Taiwan has family firms and business groups. There are low levels of vertical and horizontal integration and a relative absence of oligarchic concentration.

The Market Explanation: (Alfred D. Chandler and Oliver E. Williamson)
This is a developmental thesis of institutional change based on changing market conditions that argues that the invention of the corporation accelerated the rate of industrialization in the U.S. and American management ideas spread abround to the industrializing world. This theory emphasizes state industrial policies and entrepreneurial responses but it cannot account for the different organizational arrangements in the 3 countries nor does it offer an unqualifies explanation for any one country.

The Cultural Explanation:
This theory tries to link organizatinal patterns with the cultural practices of the larger society. These organizational practices are generalized expression of such social factors as belongingness, loyalty, and submission to hierarchical authority. However, there is too much focus on secondary causes and it is necessary to take the market into account. This explanation is also better for explaining a 'cultural complex' (i.e. region) than individual country differences.

The Authority Approach:
H & B advocate a political economic approach with a Weberian emphasis because this incorporates economic and cultural factors and allows for historical diversity. The Weberain view holds that many factors (such as task requirements, technology, class and status compostion, etc.) contribute to organizational structure, but most important are 'principles of domination.' These are normative justifications that determine authority and encourage obedience. This approach broadly conceptualizes organizations as structures of authority. The differences in these 3 countries arose from different historical and political experiences in which leaders had to legitimize a system of rule.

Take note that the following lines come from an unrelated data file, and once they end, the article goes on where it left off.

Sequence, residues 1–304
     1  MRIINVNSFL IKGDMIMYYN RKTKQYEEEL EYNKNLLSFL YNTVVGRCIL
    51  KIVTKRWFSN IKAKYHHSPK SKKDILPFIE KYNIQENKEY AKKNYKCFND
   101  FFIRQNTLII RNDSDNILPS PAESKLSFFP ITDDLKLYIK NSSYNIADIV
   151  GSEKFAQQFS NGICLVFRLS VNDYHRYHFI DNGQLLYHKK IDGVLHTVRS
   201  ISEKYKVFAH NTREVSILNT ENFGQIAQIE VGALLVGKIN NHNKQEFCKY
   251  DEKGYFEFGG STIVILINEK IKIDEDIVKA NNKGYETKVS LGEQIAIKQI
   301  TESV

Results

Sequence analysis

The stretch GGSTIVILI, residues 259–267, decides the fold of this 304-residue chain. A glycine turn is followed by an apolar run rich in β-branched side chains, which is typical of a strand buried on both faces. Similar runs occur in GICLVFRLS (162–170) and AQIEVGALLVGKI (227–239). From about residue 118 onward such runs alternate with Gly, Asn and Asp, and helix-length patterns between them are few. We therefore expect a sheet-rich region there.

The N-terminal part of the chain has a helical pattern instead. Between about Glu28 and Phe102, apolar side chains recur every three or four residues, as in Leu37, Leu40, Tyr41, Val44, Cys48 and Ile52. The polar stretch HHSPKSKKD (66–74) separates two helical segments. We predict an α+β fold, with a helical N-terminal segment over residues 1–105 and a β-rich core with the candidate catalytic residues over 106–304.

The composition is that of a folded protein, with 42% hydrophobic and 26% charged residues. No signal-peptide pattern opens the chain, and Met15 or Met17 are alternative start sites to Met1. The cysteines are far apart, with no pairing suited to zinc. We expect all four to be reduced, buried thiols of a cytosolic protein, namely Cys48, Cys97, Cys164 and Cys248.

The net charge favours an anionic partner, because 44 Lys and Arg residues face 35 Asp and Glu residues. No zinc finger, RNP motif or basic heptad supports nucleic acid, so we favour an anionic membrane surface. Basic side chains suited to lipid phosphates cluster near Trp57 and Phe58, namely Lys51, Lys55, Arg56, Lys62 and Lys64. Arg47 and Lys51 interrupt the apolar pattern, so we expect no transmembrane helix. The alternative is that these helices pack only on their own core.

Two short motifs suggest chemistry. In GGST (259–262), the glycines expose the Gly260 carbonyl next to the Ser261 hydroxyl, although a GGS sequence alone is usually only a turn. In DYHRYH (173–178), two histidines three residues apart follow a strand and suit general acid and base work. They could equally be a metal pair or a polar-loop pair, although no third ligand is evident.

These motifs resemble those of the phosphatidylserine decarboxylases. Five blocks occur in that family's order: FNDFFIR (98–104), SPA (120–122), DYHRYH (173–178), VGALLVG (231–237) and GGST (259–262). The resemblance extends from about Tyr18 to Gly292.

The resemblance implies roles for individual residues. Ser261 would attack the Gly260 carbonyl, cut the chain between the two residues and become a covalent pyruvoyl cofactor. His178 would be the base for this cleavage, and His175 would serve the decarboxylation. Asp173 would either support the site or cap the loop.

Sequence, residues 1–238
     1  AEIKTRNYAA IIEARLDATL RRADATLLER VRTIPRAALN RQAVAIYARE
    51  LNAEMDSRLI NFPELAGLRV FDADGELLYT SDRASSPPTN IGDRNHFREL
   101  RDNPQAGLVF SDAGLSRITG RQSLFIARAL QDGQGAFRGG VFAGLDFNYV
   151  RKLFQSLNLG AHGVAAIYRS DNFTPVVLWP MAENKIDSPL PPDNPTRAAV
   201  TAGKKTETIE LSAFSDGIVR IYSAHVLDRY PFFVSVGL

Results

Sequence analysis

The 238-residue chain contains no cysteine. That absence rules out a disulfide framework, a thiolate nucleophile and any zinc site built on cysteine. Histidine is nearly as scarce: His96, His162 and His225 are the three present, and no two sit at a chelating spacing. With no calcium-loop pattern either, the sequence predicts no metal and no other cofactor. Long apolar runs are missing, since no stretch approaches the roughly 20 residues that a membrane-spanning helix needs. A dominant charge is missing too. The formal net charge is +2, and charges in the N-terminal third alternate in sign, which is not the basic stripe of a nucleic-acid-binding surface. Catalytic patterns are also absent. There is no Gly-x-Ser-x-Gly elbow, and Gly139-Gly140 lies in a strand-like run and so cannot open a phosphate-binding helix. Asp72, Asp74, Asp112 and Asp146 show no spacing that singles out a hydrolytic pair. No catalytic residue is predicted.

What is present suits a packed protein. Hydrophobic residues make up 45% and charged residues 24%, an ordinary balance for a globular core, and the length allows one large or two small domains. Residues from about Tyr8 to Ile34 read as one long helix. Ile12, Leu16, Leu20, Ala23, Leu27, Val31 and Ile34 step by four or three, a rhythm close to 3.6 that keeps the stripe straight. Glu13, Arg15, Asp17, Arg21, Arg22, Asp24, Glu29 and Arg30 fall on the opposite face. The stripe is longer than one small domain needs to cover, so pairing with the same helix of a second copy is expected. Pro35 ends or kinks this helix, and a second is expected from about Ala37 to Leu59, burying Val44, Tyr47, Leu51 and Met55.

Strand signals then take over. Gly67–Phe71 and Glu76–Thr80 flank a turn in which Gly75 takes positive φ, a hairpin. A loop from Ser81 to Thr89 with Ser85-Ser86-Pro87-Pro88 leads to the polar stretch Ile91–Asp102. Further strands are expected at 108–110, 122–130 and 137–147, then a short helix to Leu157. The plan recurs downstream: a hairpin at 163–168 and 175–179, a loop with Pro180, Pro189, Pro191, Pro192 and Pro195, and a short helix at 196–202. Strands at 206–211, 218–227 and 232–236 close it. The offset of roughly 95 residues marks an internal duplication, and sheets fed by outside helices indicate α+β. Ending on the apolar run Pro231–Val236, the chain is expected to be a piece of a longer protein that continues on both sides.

South Korea follows a strong state model whereby the state actively participates in the public and private spheres of the economy. This type of structure arose out of a time of crisis (war) for the country.

Japan has a strong intermediary power model where the state coordinates the activities of the intermarket groups of large firms. This system arose because of the presence of the emperor who is the symbol of political unity.

Taiwan has a strong society model which allows familial patterns to shape the course of industrialization. This coincides with the overall state policy to limit participation in the private sector, especially people's economic livelihood.

The authority explanation has historical and structural adequacy. Economic and cultural factors are important in understanding growth of markets and economic enterprise, but the form or structure is better understood by patterns of authority relations in society.

''The Unhappy Marriage of Marxism and Feminism''

Marxist analysis provides insight into the laws of historical development, but Marxist categories are sex blind. Only a feminist analysis reveals the systemic character of relations between men and women, but feminist theory has been blind to history and insufficiently materialist.

Marxism and the Woman Question:
Most Marxists look at the relationship between women and the economy instead of between women and men. Hartmann divides Marxists into 3 categories: